May 30 and 31, 10-12, C124

Model theory and set theory days, May 20-26, 2016: 2 Lecture series by Boban Velickovic and Andres Villaveces.

I. Boban Velickovic: The tree property and related combinatorial principles

Abstract: Compactness of first order logic is one of the central paradigms in mathematics. When one tries to extend the compactness theorem to infinitary logics, one is lead to large cardinals such as  as weakly compact, strongly compact and supercompact cardinals.  In many applications one would like to transfer fragments of compactness for infinitary logic to small cardinals such as, for instance, the \aleph_n, for finite n. The tree property is one of the most fruitful way of achieving this transfer.  In this mini course we will survey some classical and some recent results on the tree property and related combinatorial statements. We will show that this properties may hold at various small cardinals (for instance, \aleph_n (for n \geq 2) or \aleph_{\omega+1}).  We will also present the main applications of the tree property. Finally, we will discuss the key open questions which are the subject of current research in this area. 

II. Andres VillavecesLanguage, Logic and Nonelementary Classes: external/internal interactions.

Abstract: In this minicourse, I will explore three independent issues around the interaction between language and nonelementary classes: emergence and control (The Presentation Theorem for AECs), invariance and groups (the SIP property for homogeneous classes) and interpolation (comparing different AECs, lifting classical comparisons from Abstract Model Theory). The minicourse will be roughly self-contained (for people with some training in logic). It will combine classical parts with more recent constructions. The main focus is on the interaction between language and classes of structures (through logic), as highlighted by three different theorems. The course is not strongly cumulative: the three topics have independent motivations.
  • The Presentation Theorem: this is a classical theorems due to Shelah, basic in AECs. I will give basic definitions, a statement of the theorem, a sketch of proof and various connections to other topics (I will describe its huge impact in the development of the Model Theory of AECs).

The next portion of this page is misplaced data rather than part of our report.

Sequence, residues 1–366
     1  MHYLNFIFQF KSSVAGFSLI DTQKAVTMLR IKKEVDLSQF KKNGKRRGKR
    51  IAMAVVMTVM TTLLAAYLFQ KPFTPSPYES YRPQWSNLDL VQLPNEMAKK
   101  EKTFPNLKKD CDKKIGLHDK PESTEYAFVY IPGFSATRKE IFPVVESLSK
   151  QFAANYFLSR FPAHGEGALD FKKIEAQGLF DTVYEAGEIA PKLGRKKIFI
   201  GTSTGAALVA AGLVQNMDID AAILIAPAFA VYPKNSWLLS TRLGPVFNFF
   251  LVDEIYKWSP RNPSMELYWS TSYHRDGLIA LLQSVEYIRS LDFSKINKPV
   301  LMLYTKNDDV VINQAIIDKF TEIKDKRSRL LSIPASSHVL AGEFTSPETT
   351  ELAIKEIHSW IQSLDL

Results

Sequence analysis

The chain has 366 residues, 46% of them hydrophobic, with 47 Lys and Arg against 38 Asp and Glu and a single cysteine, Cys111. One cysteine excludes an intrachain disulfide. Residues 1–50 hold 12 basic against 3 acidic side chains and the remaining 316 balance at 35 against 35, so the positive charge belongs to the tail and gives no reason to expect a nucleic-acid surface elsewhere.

• The Small Index Property (SIP) for Homogeneous Classes: this recent work of mine (jointly with Zaniar Ghadernezhad) extends results of Lascar and Shelah to some AECs. I will explain the role of the SIP in understanding the "Reconstruction Problem" (when can one reconstruct a structure M from its symmetries Aut(M)). I will explore consequences and I will describe our setting for generalizing Lascar-Shelah to some non-elementary classes.
  • Categories, AECs, Interpolation: this last construction intends to compare different AECs with tools analogous to those one uses to compare theories in classical settings - and a little bit of Abstract Model Theory (beginning). We start building some functors extracted from underlying languages and then use the Presentation Theorem to lift these functors to other functors between various AECs. This work explores a line different from that of generalizing AECs to concrete categories: we rather use a bit of category theory to understand some intereactions between classical AECs. This is joint work with Hugo Mariano and Pedro Zambrano.

The level will be kept basic and accessible, with occasional forays into more technical matters. The aim of the minicourse, in addition to presenting a perspective into "linguistic" aspects of AECs, will be to open room for "philosophical" aspects of AECs typically left aside in courses. The second and third topic have never been presented in the form of a minicourse, so in this sense this will be a "first run".


Friday May 20

14-16 Andrés Villaveces

Monday May 23 

10-12 Boban Velickovic14-16 Andrés Villaveces

Tuesday May 24

10-12 Boban Velickovic, 14-16 Andrés Villaveces

Wednesday May 25

10-12 Boban Velickovic

Thursday May 26

10-12 Boban Velickovic





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